Molecular Basis of Recognition of Rust Effectors by the M Flax Resistance Protein

Author: Md Motiur Rahman

Rahman, Md Motiur, 2016 Molecular Basis of Recognition of Rust Effectors by the M Flax Resistance Protein, Flinders University, School of Biological Sciences

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Food supply and security are urgent issues in a world of increasing population. Plants, which provide almost all of the world food supply, are under constant attack by various types of microbial invaders, thus posing tremendous threats to global food security. Of these microbes, rust fungi, a diverse group of obligate biotrophic phytopathogens having over 7,000 species, are causal agents of some devastating plant diseases, responsible for significant yield losses of several important crop species. Among the rust fungi, flax rust (Melampsora lini), the cause of rust disease to flax cultivars (Linum usitatissimum), is of great research curiosity more so from a scientific perspective and to a lesser extent economic. As an obligate biotroph, the flax rust fungus requires a living host, and hence it has to contend with the host’s defence machinery to establish a successful infection and absorb nutrients from the infected host before sporulation. To protect themselves, plants devote a large proportion of their genome to the recognition of effector molecules secreted into the plant cells by the invading pathogen. This recognition and defence activation is orchestrated by disease resistance or R proteins. But the pathogen effector molecules show low sequence homology to other known proteins, making it difficult to predict their role in the infection process. For many years, flax and flax rust have been used as a model system for studying rust infection and disease resistance. The experiments described in this thesis aim to identify the crucial residues involved in recognition specificity of the flax rust effector AvrM and elucidate the roles of these residues in the interaction with the M flax resistance protein. The AvrM effector locus of the flax rust fungus encodes six variants, designated AvrM A-E and avrM. Published structural and biophysical analysis of the AvrM-A protein predicts that it exists as a stable homodimer, forming a unique negatively charged pocket at the dimer interface, but not found in the similar region of avrM (Ve, 2011; Ve et al., 2011). Previous research has demonstrated that AvrM-A is recognised by, and interacts with, the M flax rust resistance protein, but that avrM's lack of recognition and interaction is limited to a region containing 13 polymorphic residues between AvrM-A and avrM (Catanzariti et al., 2010). Chapter 3 of this thesis describes a mutation analysis, coupled with an in planta hypersensitive response (HR) assay, showing that no single polymorphic residue controls this recognition event. Results presented in Chapter 4 demonstrate that a combined mutant of three polymorphic residues in avrM, when changed to their AvrM-A counterparts, enable partial M recognition, and the addition of another mutation enables full recognition. On the contrary, the same polymorphic substitutions, as in avrM, were also tested in the avirulence protein, AvrM-A, which is recognized by M, and found that multiple reciprocal substitutions (up to a quadruple mutant) did not prevent recognition by M. This suggests that other residues in AvrM-A still provide enough support to induce M-activated HR. Furthermore, three non-polymorphic charged residues, which collectively form a negatively charged pocket at the interface of the AvrM-A dimer, when substituted for alanine, neutralize the charged pocket and thus prevent M interaction and recognition. Yeast-Two Hybrid (Y2H) assay confirmed that avrM does not, but the AvrM-A interacts with the M flax resistance protein. Size-exclusion chromatography (SEC) coupled with Multi-angle Light Scattering (MALS) and Small-angle X-ray Scattering (SAXS) show that AvrM-A is a stable dimer in solution, but avrM is a monomer. By the comparison of these results, the AvrM-A mutants that abolished HR, showed no interaction in the Y2H assay, but they are still dimeric as determined by SEC-SAXS analysis. On the other hand, the gain-of-recognition mutants of avrM could not be shown to interact with the M protein in the Y2H assay, but were still dimers as revealed by the SEC-MALS and SEC-SAXS analyses. Collectively, these data suggest that for AvrM effector molecules to be recognisable by M, they must form homo-dimers. Also, the negatively charged pocket at the dimer interface of AvrM-A protein facilitates interaction with, and activation of, the M protein. Alteration of the quaternary structure of an effector protein represents another way in which a pathogen can avoid recognition by the plant innate immune system. This research has unravelled how the AvrM protein escapes M detection and will help guide further research aimed to understand how the effector molecules function to aid the pathogen, and how host R proteins detect them and protect the plant.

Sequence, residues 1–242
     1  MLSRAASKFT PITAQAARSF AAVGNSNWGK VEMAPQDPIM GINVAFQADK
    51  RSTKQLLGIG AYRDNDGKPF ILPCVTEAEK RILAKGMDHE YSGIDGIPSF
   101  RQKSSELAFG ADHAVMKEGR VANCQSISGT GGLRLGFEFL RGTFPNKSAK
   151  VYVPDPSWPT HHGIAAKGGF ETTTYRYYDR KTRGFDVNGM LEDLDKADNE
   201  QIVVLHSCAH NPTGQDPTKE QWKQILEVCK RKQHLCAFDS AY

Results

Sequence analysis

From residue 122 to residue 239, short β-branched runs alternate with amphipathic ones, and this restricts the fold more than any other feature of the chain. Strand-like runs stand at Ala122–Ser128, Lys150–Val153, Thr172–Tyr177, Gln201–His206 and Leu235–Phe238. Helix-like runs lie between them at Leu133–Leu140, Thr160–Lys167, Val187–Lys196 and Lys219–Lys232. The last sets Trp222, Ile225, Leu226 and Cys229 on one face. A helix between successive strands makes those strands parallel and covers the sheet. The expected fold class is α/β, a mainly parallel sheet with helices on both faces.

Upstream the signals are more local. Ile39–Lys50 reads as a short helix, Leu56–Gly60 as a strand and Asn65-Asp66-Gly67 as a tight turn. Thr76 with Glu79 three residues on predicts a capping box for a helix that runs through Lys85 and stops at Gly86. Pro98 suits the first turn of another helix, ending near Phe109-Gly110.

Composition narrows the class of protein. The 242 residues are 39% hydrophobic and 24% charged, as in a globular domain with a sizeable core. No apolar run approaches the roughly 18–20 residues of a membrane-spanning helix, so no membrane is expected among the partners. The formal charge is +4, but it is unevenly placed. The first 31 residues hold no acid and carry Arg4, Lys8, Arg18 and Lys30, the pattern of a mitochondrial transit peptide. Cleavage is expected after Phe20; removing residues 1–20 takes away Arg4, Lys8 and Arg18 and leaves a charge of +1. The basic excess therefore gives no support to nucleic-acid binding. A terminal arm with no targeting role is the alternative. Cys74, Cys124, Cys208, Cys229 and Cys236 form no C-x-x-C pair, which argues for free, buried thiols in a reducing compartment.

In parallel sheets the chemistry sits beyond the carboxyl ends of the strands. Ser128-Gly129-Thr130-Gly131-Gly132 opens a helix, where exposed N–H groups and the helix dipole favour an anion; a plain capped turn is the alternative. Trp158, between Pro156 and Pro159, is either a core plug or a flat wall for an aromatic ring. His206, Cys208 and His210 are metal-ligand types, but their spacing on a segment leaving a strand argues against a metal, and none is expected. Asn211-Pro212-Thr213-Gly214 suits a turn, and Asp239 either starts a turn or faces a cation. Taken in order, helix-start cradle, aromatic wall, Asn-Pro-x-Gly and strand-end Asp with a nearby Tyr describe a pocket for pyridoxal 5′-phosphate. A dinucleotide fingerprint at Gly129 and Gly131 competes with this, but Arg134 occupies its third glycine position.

Keywords: Flax rust effector; AvrM-A; M resistance protein; Motiur
Subject: Biological Sciences thesis

Thesis type: Doctor of Philosophy
Completed: 2016
School: School of Biological Sciences
Supervisor: Dr Peter Anderson